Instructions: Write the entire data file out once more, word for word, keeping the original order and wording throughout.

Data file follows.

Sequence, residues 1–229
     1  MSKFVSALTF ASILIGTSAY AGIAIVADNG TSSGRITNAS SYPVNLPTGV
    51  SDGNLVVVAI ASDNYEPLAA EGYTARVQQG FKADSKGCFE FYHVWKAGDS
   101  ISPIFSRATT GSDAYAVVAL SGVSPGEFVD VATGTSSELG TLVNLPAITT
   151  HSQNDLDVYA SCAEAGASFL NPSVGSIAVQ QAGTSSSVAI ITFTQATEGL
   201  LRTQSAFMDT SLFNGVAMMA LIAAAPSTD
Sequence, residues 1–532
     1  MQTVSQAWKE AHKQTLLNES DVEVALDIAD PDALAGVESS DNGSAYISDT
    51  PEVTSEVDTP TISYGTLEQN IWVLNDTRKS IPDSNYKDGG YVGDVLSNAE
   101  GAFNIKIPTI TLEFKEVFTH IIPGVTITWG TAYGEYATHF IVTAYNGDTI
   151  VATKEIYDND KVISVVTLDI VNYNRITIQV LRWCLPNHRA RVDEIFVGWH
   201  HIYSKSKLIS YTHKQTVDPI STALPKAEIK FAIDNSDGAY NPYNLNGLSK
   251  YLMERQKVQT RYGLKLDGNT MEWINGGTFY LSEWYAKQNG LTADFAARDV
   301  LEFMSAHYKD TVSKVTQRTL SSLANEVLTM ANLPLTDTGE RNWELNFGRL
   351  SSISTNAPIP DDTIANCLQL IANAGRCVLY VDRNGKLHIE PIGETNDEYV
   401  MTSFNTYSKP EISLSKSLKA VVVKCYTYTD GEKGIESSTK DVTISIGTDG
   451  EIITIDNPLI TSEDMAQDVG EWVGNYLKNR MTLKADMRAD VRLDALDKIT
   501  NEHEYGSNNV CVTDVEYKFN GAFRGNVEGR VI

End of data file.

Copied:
Sequence, residues 1–229
     1  MSKFVSALTF ASILIGTSAY AGIAIVADNG TSSGRITNAS SYPVNLPTGV
    51  SDGNLVVVAI ASDNYEPLAA EGYTARVQQG FKADSKGCFE FYHVWKAGDS
   101  ISPIFSRATT GSDAYAVVAL SGVSPGEFVD VATGTSSELG TLVNLPAITT
   151  HSQNDLDVYA SCAEAGASFL NPSVGSIAVQ QAGTSSSVAI ITFTQATEGL
   201  LRTQSAFMDT SLFNGVAMMA LIAAAPSTD
Sequence, residues 1–532
     1  MQTVSQAWKE AHKQTLLNES DVEVALDIAD PDALAGVESS DNGSAYISDT
    51  PEVTSEVDTP TISYGTLEQN IWVLNDTRKS IPDSNYKDGG YVGDVLSNAE
   101  GAFNIKIPTI TLEFKEVFTH IIPGVTITWG TAYGEYATHF IVTAYNGDTI
   151  VATKEIYDND KVISVVTLDI VNYNRITIQV LRWCLPNHRA RVDEIFVGWH
   201  HIYSKSKLIS YTHKQTVDPI STALPKAEIK FAIDNSDGAY NPYNLNGLSK
   251  YLMERQKVQT RYGLKLDGNT MEWINGGTFY LSEWYAKQNG LTADFAARDV
   301  LEFMSAHYKD TVSKVTQRTL SSLANEVLTM ANLPLTDTGE RNWELNFGRL
   351  SSISTNAPIP DDTIANCLQL IANAGRCVLY VDRNGKLHIE PIGETNDEYV
   401  MTSFNTYSKP EISLSKSLKA VVVKCYTYTD GEKGIESSTK DVTISIGTDG
   451  EIITIDNPLI TSEDMAQDVG EWVGNYLKNR MTLKADMRAD VRLDALDKIT
   501  NEHEYGSNNV CVTDVEYKFN GAFRGNVEGR VI